They say that the Asiatic cockroach is going extinct
They say Mr Putin crawls into basements and laundry rooms, into ventilation shafts to inject cockroaches with radioactive waste.
They say that's why he closed down the communal garbage shoots.
They say he wore a Halloween mask booked out a theatre with the people inside wouldn't let them leave.
They say he performed Blueberry Hill over and over again so embarrassing
for everyone involved until he got bored shot the pianist with a stolen glass Kalashnikov filled with vodka. They say when BB King slumped against the piano he was so dehydrated that his blood oozed out of him like spawn.
They say they can hear him at night creeping in the spaces behind the walls where the
rooms of their apartment don't quite meet up.
They say he likes killing cockroaches. When he was a small boy in the exercise yard people said that cockroaches were impervious
that their blood was antifreeze, that if you removed the head they survived for six weeks
even then they only died because they couldn't eat,
that their DNA was so simple and functional, such a triumph of design, that it couldn't be disrupted by mere radiation hang on!
that they owned Chernobyl, were thick on the ground and on the corpses,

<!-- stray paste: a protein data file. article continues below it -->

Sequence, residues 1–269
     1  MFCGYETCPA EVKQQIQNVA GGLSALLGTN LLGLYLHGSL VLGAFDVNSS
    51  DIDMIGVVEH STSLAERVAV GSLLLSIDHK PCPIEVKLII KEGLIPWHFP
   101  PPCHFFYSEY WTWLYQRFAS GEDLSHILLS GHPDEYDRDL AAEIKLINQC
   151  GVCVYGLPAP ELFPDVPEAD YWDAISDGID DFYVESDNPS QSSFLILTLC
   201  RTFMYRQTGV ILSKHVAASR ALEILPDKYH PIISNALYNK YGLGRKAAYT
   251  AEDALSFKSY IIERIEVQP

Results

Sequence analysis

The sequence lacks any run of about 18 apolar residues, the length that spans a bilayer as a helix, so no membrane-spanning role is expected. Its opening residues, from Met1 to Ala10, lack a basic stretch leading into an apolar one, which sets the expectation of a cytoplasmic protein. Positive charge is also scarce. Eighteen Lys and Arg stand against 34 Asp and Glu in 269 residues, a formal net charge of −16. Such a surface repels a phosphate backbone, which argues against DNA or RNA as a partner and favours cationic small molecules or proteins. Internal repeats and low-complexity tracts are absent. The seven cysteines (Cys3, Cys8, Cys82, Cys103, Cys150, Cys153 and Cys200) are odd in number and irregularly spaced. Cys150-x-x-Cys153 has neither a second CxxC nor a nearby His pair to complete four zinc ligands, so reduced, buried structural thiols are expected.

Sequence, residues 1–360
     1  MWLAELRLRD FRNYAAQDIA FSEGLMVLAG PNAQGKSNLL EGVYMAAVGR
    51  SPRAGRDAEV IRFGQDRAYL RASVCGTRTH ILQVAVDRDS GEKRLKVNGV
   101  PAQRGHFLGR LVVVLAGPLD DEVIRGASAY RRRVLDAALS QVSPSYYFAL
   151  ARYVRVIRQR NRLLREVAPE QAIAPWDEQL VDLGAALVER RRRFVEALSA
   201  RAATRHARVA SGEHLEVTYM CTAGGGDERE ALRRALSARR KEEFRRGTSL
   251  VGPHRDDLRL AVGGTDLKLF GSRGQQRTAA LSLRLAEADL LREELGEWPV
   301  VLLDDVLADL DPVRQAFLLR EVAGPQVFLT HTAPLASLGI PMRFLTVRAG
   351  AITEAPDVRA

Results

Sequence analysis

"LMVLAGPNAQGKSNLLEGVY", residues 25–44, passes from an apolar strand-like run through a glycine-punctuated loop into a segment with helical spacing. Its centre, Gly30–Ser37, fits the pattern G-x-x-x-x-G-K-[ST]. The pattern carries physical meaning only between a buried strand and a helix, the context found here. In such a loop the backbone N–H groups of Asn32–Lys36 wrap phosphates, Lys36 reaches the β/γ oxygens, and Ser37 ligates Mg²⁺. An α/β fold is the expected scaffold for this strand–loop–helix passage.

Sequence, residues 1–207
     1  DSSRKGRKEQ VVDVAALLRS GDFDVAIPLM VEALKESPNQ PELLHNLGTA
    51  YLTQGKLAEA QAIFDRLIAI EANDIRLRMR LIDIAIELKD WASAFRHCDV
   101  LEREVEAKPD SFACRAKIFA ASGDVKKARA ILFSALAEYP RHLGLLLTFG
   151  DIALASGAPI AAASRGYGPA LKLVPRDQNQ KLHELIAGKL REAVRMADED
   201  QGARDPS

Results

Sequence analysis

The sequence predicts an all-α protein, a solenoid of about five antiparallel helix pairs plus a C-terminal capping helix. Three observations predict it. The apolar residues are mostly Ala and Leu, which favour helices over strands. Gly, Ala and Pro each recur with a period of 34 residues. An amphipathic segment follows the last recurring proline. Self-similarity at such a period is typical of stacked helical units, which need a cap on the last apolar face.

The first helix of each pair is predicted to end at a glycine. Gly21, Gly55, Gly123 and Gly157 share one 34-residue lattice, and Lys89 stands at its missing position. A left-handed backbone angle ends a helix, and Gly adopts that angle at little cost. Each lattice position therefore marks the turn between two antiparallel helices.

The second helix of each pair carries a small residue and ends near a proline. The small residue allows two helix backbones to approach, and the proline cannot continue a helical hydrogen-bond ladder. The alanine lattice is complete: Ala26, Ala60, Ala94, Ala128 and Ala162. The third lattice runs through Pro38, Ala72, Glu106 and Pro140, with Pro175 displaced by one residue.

even a pregnant one can slip through the gap between the wall and the skirting board.
They say Flight MH370 was hijacked months ago and now finally has been used. The bodies at the crash site are rotting and full of insects the European passports strewn about are suspiciously new.
Everyone in the CIA is Jewish.
Everyone who works in the Pentagon commutes from Chechnya.
Roaches were hiding in Mrs Thatcher’s hair egging her on, after the nuclear winter they will diversify to fill all the dust dulled empty niches and office buildings.
For now they politely hurry out of our way when we walk in reclaim our space with a sudden artificial light grimace with disgust at the grime at the tarnished surfaces and the scuttling creatures who so quickly conceal themselves.
Mr Putin is terrified that one day a cockroach will just sit on the kitchen bench and watch him. He will crush that one with a Faberge egg.
Ruth Corkill is a physicist in New Zealand working on computer models and analysis for a geomagnetism research team. She has just returned from three months studying poetry and fiction at The Iowa Writers Workshop Summer Graduate Program and she has a minor in Creative Writing from the International Institute of Modern Letters in Wellington. Her work has recently appeared or is upcoming in New Welsh Review, The Bristol Short Story Competition Anthology, The Dominion Post, Hue and Cry, The Listener, Jaam, Salient, and Landfall.